Two years after George Floyd’s death, authors of new autobiography aim to humanize him

Penguin Random House

On May 25, 2020, the world watched in shock as George Floyd laid on the ground, restrained under Minneapolis Police Officer Derek Chauvin‘s knee for nearly 10 minutes. Floyd was gasping for air and repeating his final words, “I can’t breathe.” Floyd’s death sparked a nationwide reckoning around social justice, police reform and systemic racism but the authors of a new biography say they set out to tell the story of the man behind the movement.

As recounted in His Name is George Floyd: One Man’s Life and the Struggle for Racial Justice, authors Robert Samuels and Toluse Olorunnipa embarked on an extensive research journey to humanize Floyd beyond his unknowingly impactful death.

“We knew that he was much more than the 10-minute video that everyone had seen … no one should be reduced to that,” Olorunnipa told ABC Audio. “He was a human being. He loved people. He was loved by people. And it was important for us to show his full humanity.”

With access to Floyd’s family members and close friends, and drawing on over 400 interviews, the authors’ findings include personal life details such as Floyd’s relation to a formerly affluent great-great-grandfather.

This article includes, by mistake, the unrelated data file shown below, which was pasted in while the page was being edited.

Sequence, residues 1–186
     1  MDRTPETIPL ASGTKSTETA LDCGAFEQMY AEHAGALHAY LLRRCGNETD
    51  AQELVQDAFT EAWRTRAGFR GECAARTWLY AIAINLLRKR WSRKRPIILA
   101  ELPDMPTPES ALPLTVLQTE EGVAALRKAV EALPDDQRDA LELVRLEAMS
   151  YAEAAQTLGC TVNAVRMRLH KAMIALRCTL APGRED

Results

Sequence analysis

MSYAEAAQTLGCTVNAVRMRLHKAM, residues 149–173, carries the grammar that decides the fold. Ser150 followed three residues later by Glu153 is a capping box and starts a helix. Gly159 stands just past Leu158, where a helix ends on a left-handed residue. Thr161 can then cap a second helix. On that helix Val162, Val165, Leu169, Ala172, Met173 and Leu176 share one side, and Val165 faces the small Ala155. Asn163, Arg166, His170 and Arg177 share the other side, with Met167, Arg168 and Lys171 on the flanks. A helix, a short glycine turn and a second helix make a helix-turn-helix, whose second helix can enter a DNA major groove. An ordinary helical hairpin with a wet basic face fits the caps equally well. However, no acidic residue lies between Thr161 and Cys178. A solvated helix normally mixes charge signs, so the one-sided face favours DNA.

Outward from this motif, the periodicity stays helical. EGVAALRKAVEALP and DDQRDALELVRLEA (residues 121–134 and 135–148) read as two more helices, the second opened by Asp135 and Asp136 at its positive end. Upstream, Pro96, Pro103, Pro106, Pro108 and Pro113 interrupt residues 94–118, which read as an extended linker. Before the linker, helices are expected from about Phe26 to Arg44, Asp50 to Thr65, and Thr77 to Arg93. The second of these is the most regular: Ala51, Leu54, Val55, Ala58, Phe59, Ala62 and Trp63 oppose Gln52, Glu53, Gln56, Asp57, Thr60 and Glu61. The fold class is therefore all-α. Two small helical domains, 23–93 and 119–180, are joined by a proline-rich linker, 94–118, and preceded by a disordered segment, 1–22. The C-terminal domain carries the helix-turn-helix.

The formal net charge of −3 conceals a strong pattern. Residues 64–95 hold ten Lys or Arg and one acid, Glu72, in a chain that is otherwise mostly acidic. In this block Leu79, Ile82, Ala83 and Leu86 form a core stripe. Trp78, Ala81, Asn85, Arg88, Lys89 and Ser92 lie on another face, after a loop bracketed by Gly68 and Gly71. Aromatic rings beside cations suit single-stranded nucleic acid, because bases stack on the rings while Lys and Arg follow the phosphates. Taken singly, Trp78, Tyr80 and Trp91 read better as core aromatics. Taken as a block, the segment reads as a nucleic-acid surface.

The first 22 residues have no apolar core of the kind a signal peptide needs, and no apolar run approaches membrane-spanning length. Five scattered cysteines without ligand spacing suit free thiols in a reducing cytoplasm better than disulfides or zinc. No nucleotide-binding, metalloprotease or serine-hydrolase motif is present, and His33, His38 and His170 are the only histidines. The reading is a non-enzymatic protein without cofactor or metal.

“I was surprised that there was actually great wealth in his family history,” Olorunnipa said, noting there were many revelations he found interesting. He described the grandfather’s story from “one of the wealthiest people in eastern North Carolina” to a poverty-stricken man whose descendants suffered the consequences of systemic racism.

Through that example and countless others, the authors were able to draw a direct line between Floyd’s life and the book’s other main focus: institutional racism in America.

As for Olorunnipa’s wishes for the book on the second anniversary of Floyd’s death, “We need to remember what it was about George Floyd’s death … that caused so many people to say, ‘This is not right.'”

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